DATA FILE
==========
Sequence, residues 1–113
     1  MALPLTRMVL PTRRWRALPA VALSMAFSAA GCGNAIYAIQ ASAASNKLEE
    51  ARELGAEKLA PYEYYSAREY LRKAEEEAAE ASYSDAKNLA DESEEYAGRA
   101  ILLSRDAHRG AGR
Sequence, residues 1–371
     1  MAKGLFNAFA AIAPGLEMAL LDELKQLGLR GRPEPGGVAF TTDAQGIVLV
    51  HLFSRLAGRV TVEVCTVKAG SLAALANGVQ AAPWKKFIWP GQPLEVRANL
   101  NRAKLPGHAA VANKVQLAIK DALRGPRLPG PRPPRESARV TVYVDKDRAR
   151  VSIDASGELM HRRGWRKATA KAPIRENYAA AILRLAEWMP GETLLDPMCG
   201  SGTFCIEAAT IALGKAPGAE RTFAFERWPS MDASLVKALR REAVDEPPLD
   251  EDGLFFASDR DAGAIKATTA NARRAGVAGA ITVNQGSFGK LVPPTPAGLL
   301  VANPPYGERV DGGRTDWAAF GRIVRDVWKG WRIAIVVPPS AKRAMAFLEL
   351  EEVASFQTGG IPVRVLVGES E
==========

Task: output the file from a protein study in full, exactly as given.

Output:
Sequence, residues 1–113
     1  MALPLTRMVL PTRRWRALPA VALSMAFSAA GCGNAIYAIQ ASAASNKLEE
    51  ARELGAEKLA PYEYYSAREY LRKAEEEAAE ASYSDAKNLA DESEEYAGRA
   101  ILLSRDAHRG AGR
Sequence, residues 1–371
     1  MAKGLFNAFA AIAPGLEMAL LDELKQLGLR GRPEPGGVAF TTDAQGIVLV
    51  HLFSRLAGRV TVEVCTVKAG SLAALANGVQ AAPWKKFIWP GQPLEVRANL
   101  NRAKLPGHAA VANKVQLAIK DALRGPRLPG PRPPRESARV TVYVDKDRAR
   151  VSIDASGELM HRRGWRKATA KAPIRENYAA AILRLAEWMP GETLLDPMCG
   201  SGTFCIEAAT IALGKAPGAE RTFAFERWPS MDASLVKALR REAVDEPPLD
   251  EDGLFFASDR DAGAIKATTA NARRAGVAGA ITVNQGSFGK LVPPTPAGLL
   301  VANPPYGERV DGGRTDWAAF GRIVRDVWKG WRIAIVVPPS AKRAMAFLEL
   351  EEVASFQTGG IPVRVLVGES E